Verdict: Win, BUT the self-checkout does not let you buy some things like cigarettes and hot coffee. Also, in supermarkets the self-checkout cannot help you with items without a barcode like single vegetables.
I-RAWR-shaimase to the Robot Hotel
Not all robots were created equal. The ones working the reception desk at Hen na Hotel Maihama are robotic dinosaurs! The raptors wear little caps and growl politely in several languages.
I was confident this was going to be super easy. I had booked and paid everything online, I only needed to check in and get a room key. My reservation number ready, I tapped the display, but the machine asked for my passport instead. Luckily it let me choose “I live in Japan” as an alternative, and it took me to a screen where I had to enter my full name. Whew, crisis averted.
I typed in my name and the computer said NO. It did not recognize the name. Here’s where it makes you totally rage against the machine. Instead of giving me another try (maybe it was a typo, maybe it wants my name in katakana?) the system automatically called human staff without my consent. Crisis NOT averted at all. Crisis was my middle name!
I frantically tried to start everything from the beginning, while a confused human staff came out and tried talking to me. I broke down and just looked at him and shouted “NO, NO, NO!” like a broken robot myself, or like a raptor that learned a human word after eons of trying.
Remembering I am a human with manners, I told him I am doing a challenge and trying to check in without human help. He came back with a piece of paper of how the reservation system had registered my name. It wasn’t my name at all, it was the name of my companion. After putting that name in, the machine next to the desk spit out two plastic card keys and that was it.
I soon forgot my defeat after passing the T-Rex head roaring in the corner jungle, and then the aquarium with the robot fish. Going straight to my room to eat my conbini sandwich in peace and thinking I was done with this challenge, I was greeted by the final robot of the day—Robocon.
This cute robot concierge lights up as soon as you enter your room, welcoming you and firing off all the ways it can assist you. It was as if bots like Siri and Alexa had a small physical body. Robocon gives you check out time, breakfast hours, weather forecast, and if you don’t need anything, it will offer to sing and dance for you. It sang the ‘Shabondama’ for us and it is now permanently lodged in my consciousness.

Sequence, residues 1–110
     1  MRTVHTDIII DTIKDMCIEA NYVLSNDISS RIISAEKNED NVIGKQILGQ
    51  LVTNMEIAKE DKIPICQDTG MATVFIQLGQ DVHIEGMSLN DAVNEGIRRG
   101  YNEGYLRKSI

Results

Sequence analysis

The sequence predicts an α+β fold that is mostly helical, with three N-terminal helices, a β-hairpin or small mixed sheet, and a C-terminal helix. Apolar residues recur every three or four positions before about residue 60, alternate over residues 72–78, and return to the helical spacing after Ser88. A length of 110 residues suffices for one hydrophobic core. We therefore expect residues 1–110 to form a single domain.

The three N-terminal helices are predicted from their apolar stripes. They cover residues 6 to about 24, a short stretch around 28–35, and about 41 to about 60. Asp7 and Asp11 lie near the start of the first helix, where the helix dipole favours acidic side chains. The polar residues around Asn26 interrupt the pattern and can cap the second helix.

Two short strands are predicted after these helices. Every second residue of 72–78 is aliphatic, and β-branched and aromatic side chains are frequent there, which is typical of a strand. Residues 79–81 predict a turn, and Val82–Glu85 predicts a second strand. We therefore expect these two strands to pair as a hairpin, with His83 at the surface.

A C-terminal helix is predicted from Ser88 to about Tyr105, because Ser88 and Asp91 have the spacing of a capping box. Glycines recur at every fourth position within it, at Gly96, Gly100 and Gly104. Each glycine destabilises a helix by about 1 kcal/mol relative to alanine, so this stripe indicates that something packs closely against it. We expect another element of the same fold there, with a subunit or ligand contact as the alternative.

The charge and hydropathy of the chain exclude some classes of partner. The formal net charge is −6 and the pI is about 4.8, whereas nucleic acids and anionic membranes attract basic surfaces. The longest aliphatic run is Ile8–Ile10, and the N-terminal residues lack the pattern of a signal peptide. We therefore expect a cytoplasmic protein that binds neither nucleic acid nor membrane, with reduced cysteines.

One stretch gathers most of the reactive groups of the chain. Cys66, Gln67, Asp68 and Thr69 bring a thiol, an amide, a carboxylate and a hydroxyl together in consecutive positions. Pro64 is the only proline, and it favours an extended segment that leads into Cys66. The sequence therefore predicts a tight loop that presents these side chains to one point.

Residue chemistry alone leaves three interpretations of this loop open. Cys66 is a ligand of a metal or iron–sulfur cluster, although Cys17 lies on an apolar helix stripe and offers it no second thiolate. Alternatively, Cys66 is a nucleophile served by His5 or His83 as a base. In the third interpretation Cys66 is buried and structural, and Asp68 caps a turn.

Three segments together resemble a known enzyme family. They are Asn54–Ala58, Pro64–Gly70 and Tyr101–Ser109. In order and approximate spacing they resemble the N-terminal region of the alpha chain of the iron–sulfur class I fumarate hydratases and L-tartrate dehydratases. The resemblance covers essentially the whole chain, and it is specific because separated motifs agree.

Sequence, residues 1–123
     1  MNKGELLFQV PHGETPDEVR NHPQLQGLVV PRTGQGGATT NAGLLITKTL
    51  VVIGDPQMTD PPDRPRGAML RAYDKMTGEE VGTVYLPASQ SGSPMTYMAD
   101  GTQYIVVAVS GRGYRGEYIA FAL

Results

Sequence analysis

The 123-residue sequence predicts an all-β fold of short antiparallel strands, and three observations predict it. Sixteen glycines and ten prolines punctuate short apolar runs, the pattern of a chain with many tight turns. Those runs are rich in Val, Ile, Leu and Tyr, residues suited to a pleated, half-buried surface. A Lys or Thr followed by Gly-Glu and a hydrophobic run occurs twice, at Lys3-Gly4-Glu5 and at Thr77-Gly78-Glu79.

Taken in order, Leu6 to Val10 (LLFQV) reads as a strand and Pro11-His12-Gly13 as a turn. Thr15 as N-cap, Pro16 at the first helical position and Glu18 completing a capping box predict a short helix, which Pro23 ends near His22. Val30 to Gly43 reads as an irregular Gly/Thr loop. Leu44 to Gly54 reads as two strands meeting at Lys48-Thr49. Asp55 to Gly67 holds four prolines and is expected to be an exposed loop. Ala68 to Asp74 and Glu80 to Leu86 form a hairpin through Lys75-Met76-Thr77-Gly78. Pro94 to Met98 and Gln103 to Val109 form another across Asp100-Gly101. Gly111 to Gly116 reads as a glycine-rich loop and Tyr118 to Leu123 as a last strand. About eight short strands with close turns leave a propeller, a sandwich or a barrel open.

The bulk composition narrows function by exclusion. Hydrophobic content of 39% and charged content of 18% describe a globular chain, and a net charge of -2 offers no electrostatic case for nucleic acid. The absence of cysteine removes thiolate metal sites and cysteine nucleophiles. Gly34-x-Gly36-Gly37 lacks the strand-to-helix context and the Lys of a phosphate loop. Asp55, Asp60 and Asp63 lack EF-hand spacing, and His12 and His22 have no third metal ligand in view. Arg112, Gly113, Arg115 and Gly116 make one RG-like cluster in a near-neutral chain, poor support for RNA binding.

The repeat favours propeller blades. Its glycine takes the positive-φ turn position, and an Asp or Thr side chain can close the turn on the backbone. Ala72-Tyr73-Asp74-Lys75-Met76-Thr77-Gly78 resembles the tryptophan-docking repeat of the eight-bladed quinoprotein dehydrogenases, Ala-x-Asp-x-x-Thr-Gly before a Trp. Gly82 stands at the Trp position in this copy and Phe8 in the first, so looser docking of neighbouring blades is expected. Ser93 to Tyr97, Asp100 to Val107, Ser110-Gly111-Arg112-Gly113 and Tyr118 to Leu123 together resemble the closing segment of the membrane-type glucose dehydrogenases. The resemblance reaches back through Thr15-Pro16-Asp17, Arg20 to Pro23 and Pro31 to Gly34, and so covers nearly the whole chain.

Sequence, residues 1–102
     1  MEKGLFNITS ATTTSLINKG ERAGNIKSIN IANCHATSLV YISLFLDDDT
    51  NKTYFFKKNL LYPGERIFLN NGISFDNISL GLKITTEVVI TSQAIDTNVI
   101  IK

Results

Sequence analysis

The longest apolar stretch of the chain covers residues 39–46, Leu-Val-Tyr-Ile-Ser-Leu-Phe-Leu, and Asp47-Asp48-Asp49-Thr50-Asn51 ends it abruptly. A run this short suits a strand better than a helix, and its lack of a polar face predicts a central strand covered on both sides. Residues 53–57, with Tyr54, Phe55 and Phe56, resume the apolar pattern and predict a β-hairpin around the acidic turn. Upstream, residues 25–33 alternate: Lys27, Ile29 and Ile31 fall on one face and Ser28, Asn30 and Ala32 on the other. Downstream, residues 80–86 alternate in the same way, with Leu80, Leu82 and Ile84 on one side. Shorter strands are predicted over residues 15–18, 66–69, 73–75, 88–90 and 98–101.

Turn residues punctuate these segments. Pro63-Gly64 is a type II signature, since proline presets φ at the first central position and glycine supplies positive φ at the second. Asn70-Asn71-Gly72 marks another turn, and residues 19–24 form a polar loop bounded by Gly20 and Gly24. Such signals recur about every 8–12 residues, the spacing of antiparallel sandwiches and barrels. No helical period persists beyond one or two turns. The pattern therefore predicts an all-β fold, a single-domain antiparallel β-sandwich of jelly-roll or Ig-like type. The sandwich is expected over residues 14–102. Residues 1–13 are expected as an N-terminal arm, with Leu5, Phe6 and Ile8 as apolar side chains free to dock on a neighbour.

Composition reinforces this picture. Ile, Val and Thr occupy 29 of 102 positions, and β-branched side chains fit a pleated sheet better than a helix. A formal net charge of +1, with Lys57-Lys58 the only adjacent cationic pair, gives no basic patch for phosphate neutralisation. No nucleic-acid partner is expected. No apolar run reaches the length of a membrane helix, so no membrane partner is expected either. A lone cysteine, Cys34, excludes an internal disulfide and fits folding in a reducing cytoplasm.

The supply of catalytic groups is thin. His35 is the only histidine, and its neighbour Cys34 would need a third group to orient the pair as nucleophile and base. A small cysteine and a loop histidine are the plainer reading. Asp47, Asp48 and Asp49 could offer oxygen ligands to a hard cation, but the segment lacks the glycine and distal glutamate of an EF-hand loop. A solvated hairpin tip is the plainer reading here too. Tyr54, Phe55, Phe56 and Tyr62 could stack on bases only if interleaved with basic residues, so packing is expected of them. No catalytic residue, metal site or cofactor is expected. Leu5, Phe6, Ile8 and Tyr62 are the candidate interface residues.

Verdict: Dinosaur concierges were mostly a fail in my case, but in terms of just being cool, a million points to them! And Robocon was a total win.
Location: 5-3-20 Fujimi, Urayasu-shi, Chiba 279-0043 Japan
Map Link: https://goo.gl/maps/XHeJr9Evp8Gm1sC17
You Want More Robots?
There are more. Initially, in Odaiba, I wanted to enter the MIRAIKAN and see the humanoid robot Asimo sing a song, or talk through a robotic proxy exhibit. With the Pepper Parlor waiting lines being so long and the Miraikan’s early closing time, I simply couldn’t make it. Another hurdle for this challenge was that you have to buy tickets from the human staff in the ticket booth, as they are not available online.
For a more spiritual automation experience, there is a place that is something between the robot priest and the Henna hotel – Otera Stay. The lodgings are part of the over 400 years old Shiba Shoden-ji Temple, and you can check in and out without seeing a single soul. Of course, if you want you can interact with priests and book workshops. There’s also Q Stay Hostel where AI actually helps you make more human friends. The hostel’s lounge has an AI powered chat projected in their bar and anyone can log in and chat in any language while the AI automatically translates it.
If you’re wondering why Robot Restaurant Shinjuku was excluded from my itinerary, you probably would be surprised to hear that the place is not a restaurant, but an extravagant show with talented but human performers, sometimes riding on robotic carts.
Is Tokyo a City of Robots?
Granted, my robot day was full of fails, glitches and misunderstandings. All the robots are fixed, not autonomous, and in constant need of human oversight. Aside from that, the challenge went pretty well. Even with all these hiccups, Tokyo is still arguably the most automated city when compared to any other. You can tap away with your train pass and pay for transportation, buy drinks and conbini food, all while avoiding human interaction. Withdrawing money, currency exchange, powerbank renting, conbini photocopier – all automated. Shopping online and instructing deliveries to be left at the door means you don’t have to go out to a shopping center. If you are not craving better coffee and better food as much as my high maintenance palate, and merely go back and forth to work everyday, you could very well manage talking to exactly zero people.
Another thought hit me hard and unexpectedly. Even the human staff at big chains and convenience stores have a script drilled in them, so you are never really talking to them. Maybe it is a bigger challenge to have a machine-free and human-only service day in Tokyo?
But behind the glass and metal of vending machines, behind the plastic and wires of robots, even when you don’t see who made the food and who brought it to your table, you have fellow humans to thank. Humans make all things, even the things that go on to make things themselves.